Broadcasting Yourself In The New Job Market

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Everybody gets to be a mogul of their own media empire these days. It's pretty much a requirement to find a job in the post-recession economy. To a certain degree, we all need to use the digital tools and techniques available to broadcast ourselves to our target audience in the job market.

That's both exciting and challenging. In my previous post, I wrote about laying a firm foundation with the three essentials for a digital job search: a traditional resume, a polished LinkedIn profile and a personal website. Once you've done that work, you now have the right platform to market yourself. The goal of this post is to inspire.

Social Media

Social media is now nearly ubiquitous in our personal and professional lives. That means managers, executives and HR specialists are using social media, too. I've already written about the importance of LinkedIn. But the other major social media channels have their place in your broadcast network. In all cases, the basic goal is to expand your network so you make a personal connection with the people who make hiring decisions. Every channel should also have links back to your personal website, which serves as a clearinghouse for all your job search materials.

Facebook - Status updates are actually surprisingly powerful. When you tell your 200 friends that you're looking for work, that's potentially amplified to thousands of additional people. Join groups associated with the companies you're targeting. Real go-getters can actually create their own ads seeking work. Of course, you've got to be careful if you're still employed, because word can easily reach your boss. You also need to scrub your Facebook profile of any embarrassing content.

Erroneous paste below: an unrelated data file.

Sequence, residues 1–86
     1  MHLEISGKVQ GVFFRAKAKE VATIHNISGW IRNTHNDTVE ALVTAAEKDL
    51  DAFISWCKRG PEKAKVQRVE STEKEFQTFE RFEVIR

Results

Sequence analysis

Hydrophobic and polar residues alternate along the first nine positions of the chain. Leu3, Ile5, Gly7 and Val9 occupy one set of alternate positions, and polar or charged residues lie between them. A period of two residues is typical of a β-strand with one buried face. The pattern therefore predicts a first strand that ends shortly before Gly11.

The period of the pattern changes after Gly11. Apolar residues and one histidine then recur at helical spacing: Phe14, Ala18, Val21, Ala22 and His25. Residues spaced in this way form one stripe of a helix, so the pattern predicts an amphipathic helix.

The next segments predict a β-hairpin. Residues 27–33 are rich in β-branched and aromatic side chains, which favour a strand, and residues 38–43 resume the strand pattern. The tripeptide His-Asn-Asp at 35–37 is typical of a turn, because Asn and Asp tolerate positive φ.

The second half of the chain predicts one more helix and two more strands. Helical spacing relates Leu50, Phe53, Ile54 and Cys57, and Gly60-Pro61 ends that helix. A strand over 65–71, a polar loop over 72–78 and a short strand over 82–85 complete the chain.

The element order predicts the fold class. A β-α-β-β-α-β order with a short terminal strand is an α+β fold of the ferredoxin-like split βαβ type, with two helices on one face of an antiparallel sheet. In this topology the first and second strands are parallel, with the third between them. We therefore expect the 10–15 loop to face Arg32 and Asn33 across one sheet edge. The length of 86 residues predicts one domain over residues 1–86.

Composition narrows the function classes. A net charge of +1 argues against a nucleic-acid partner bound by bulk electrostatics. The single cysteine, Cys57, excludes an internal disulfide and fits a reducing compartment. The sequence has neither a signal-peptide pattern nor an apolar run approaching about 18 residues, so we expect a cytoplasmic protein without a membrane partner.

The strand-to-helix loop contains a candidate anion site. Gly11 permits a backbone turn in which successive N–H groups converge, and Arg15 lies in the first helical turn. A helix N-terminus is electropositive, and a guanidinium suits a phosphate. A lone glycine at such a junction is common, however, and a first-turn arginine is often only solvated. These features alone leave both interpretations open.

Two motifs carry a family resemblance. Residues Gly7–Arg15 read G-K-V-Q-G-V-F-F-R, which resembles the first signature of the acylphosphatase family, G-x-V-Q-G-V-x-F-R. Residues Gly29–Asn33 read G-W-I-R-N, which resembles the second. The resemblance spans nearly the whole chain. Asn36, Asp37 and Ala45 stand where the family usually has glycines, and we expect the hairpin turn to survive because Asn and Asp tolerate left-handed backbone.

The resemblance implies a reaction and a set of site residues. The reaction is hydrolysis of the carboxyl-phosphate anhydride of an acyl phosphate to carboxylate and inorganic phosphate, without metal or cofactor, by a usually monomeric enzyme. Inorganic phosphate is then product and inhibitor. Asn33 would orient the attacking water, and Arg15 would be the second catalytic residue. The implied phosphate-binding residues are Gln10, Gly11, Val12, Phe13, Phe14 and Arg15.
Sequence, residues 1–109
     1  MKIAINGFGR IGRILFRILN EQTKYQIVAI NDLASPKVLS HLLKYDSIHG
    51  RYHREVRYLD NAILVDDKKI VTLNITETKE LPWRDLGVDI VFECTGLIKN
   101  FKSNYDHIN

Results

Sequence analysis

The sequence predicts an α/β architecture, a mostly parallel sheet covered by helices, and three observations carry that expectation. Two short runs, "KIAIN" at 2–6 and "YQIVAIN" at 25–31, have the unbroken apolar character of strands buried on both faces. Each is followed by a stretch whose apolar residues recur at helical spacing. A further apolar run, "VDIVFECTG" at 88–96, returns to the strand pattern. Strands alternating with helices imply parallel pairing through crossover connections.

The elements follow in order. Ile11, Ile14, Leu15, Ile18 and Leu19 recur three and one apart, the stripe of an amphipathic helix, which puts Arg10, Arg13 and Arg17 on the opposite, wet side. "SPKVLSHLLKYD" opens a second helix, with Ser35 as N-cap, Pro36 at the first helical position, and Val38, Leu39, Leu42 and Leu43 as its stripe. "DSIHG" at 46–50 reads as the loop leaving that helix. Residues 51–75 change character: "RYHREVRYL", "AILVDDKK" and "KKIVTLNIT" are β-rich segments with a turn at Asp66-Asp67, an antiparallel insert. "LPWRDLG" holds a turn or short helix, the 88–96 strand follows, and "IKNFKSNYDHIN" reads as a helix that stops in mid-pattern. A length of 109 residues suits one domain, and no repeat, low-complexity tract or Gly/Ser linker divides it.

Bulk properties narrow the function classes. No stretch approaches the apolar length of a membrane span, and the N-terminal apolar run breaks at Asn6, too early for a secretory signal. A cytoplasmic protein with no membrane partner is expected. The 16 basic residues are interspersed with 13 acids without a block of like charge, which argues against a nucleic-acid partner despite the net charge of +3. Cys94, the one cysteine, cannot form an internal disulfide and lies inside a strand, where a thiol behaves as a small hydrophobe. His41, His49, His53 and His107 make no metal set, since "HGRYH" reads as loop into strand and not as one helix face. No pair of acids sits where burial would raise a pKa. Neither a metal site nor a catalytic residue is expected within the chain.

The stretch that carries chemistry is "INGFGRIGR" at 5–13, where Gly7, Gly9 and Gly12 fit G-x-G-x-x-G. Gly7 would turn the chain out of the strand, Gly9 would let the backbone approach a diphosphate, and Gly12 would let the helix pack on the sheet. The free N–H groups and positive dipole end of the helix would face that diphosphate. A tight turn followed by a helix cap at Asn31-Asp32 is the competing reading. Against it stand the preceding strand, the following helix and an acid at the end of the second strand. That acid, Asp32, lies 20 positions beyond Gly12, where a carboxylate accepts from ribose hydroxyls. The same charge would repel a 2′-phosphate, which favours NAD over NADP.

Twitter - Like Facebook, Twitter is a great tool for rapidly expanding your professional network. Follow the companies where you want to work, plus the movers who can get you an inside track. Prove you're serious about your career by re-posting interesting, relevant content.

Pinterest - The most exciting social media channel on the rise right now may be Pinterest. It's certainly experiencing fantastic growth. Job seekers are discovering that Pinterest is a great place to showcase your work and expertise by pinning examples of your own work and work that you admire. This is like creating great curb appeal for your personal brand.

Creative Resumes

First of all, allow me to reiterate: you still need a traditional, boring resume. Now, given that, there are still some fun opportunities to create alternative versions of your resume in order to attract attention. Here are three of my favorite, but there are many more examples (and even more examples):

The Amazon Resume - Philippe Dubost pretty much wins at life for creating a resume with an uncanny resemblance to an Amazon product page.

The Iconographic Resume - Mike Freeman somehow manages to appear professional and fun as he lays out what you'll get if you "book a meeting."

The Movie Poster Resume - Joe Kelso draws your eye with this resume inspired by old horror movie posters.

Most of these examples are extreme. They were executed by people with some very advanced skills. Most people won't have the time, ability or resources to produce similar pieces. Plus, most jobs don't require the same degree of uniqueness. Don't let that dissuade you from following their examples. The one thing I hope you take away is that you have to tell your own story, and it's worth taking the time to learn how to use the right tools to tell that story in a creative way. Even one multimedia add on - like a video showcasing your ability to set up a virtual meeting - can set you apart enough to get you an interview.

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